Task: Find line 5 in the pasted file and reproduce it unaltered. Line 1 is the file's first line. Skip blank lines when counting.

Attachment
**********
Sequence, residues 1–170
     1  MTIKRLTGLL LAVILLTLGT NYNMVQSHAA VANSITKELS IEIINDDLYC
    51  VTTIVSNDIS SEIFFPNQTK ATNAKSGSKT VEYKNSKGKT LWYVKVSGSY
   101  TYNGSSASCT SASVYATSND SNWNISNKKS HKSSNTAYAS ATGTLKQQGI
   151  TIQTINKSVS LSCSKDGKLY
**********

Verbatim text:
   151  TIQTINKSVS LSCSKDGKLY